Blog Business Entertainment Environment Health Latest News News Analysis Opinion Science Sports Technology World
Disney's Special District Status Revoked by Florida Lawmakers

On Friday, Florida Governor Ron DeSantis signed into law a bill dissolving Walt Disney Company's special district status in Florida. Florida Republican state Senator Jennifer Bradley first introduced the bill on Tuesday. On Wednesday, the bill passed the state senate with a vote of 23-16 and then was pushed through the House of Representatives by 70-38. By Thursday, the bill made its way to the Florida House. Florida Republicans quickly passed it. 


 


Governor DeSantis claims he wants to remove Disney's special protection because he doesn't "support special privileges in law just because a company is powerful." 


 


However, this is unlikely as the entertainment giant has publicly opposed the Florida Government and DeSantis on the "Don't Say Gay" law since last month. This law restricts education on LGBTQ issues such as sexual orientation or gender identity for kindergarten and third-grade students. This legislation also allows parents to sue schools directly if they feel an educator has broken the law.


 


After passing the "Don't Say Gay" bill, Disney issued a statement condemning the law. The report says, "Our goal as a company is for the law to be repealed by the legislature or struck down in the courts, and we remain committed to supporting the national and state organizations working to achieve that. We are dedicated to standing up for the rights and safety of LGBTQ+ members of the Disney family and the LGBTQ+ community in Florida across the country." 


 


This public statement comes as a result of an employee walkout that protested Disney's CEO Bob Chapek's initial silent response to the bill and the company reportedly giving money to the bill's sponsors. Chapek has since apologized and has paused all political donations in Florida. 


 


Due to the bill passing, Disney's special district status will be revoked on June 1, 2023. 


 


Disney was given the special district status in May 1967 after a law that allowed the Walt Disney Company to control and self-govern itself in a district that sits in southwest Orlando. The district, Reedy Creek, is a special purpose district that Disney was able to take over and provide municipal services like power, water, roads, and fire protection. The Walt Disney Company also freed the district from legal red tape and paying taxes for certain services.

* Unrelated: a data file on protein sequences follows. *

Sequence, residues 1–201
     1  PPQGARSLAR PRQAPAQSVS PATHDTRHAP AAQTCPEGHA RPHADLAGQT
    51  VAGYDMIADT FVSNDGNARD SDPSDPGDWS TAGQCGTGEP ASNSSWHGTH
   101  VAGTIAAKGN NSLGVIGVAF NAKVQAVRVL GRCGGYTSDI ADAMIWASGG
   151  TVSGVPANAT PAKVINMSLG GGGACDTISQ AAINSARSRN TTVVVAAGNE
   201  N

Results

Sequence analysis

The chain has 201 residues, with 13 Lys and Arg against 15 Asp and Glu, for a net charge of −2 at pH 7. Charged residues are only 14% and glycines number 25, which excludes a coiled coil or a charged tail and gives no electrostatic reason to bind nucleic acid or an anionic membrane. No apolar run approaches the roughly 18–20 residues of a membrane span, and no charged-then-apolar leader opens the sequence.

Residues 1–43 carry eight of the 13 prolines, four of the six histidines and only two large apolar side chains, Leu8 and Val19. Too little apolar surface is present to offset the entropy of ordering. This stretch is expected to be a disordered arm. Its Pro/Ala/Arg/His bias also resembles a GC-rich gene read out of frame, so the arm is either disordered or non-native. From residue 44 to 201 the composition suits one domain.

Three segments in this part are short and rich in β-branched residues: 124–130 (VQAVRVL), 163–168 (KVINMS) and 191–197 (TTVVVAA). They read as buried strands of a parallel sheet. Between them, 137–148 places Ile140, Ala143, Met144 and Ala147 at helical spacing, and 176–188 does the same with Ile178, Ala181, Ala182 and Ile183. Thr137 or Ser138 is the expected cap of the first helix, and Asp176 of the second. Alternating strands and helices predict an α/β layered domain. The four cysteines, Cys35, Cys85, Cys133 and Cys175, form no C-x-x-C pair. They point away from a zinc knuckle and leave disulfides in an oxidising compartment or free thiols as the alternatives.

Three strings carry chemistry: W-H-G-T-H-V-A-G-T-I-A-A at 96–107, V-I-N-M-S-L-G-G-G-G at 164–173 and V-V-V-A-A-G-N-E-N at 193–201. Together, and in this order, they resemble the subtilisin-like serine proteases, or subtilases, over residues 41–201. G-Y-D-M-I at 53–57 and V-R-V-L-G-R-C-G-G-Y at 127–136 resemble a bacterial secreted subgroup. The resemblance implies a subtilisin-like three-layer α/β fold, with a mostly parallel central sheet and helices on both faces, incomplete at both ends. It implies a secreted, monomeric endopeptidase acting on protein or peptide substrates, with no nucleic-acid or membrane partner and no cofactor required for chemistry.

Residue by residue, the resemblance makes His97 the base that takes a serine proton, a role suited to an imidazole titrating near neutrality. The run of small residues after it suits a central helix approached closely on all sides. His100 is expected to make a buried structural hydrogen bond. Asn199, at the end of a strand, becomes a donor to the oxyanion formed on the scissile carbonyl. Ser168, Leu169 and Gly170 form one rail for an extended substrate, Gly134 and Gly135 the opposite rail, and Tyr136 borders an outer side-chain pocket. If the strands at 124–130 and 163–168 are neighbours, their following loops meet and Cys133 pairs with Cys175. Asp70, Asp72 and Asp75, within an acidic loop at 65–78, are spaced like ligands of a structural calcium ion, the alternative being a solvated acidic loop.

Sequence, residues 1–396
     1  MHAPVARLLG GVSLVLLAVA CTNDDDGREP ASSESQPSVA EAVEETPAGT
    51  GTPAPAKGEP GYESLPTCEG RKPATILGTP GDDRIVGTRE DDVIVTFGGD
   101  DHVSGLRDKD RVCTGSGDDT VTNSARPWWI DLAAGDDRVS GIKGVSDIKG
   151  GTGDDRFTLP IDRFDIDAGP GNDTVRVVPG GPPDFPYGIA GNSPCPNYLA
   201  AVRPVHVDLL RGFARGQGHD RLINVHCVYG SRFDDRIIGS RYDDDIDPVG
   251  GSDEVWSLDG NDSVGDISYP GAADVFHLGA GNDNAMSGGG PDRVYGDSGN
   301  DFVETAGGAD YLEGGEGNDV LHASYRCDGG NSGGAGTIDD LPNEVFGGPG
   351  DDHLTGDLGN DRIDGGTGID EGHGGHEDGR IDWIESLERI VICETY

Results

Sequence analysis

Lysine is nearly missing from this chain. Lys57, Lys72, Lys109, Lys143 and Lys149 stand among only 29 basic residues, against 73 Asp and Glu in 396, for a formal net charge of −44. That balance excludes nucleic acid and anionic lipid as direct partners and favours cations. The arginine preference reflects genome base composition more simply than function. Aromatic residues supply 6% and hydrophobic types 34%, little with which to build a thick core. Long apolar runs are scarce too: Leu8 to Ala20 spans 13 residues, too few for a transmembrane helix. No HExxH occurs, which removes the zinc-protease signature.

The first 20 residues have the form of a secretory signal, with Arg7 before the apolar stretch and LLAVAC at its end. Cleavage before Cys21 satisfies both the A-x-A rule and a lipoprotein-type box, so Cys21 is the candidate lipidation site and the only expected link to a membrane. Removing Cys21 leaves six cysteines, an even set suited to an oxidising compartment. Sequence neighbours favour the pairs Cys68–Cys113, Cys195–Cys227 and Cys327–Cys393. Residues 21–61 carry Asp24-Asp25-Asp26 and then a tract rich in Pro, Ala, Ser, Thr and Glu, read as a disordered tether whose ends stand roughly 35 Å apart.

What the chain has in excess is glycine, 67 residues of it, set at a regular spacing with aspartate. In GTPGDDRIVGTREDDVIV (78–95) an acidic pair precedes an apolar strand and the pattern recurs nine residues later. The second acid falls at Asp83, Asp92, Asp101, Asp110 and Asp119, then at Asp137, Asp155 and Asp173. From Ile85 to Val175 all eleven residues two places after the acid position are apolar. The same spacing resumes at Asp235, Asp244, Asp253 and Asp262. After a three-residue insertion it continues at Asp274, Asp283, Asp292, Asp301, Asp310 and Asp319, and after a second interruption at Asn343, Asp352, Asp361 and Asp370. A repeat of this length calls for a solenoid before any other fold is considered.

Dissolving the district could have harsh consequences for local county taxpayers. According to CNBC, counties will have "to raise property taxes by 20% to 25% to make up the difference." This means that local counties will have to pay for Reedy Creek's services without the special status in effect. 


 


Disney officials have yet to respond to legislation passing. 


Share This Post On

Tags: #law #Disney #DisneyParks #WaltDisneyWorld #Florida



0 comments

Leave a comment


You need to login to leave a comment. Log-in
Thesocialtalks.com is a Global Media House Initiative by Socialnetic Infotainment Private Limited.

TheSocialTalks was founded in 2020 as an alternative to mainstream media which is fraught with misinformation, disinformation and propaganda. We have a strong dedication to publishing authentic news that abides by the principles and ethics of journalism. We are an organisation driven by a passion for truth and justice in society.

Our team of journalists and editors from all over the world work relentlessly to deliver real stories affecting our society. To keep our operations running, We need sponsors and subscribers to our news portal. Kindly sponsor or subscribe to make it possible for us to give free access to our portal and it will help writers and our cause. It will go a long way in running our operations and publishing real news and stories about issues affecting us.

Your contributions help us to expand our organisation, making our news accessible to more everyone and deepening our impact on the media.

Support fearless and fair journalism today.


Related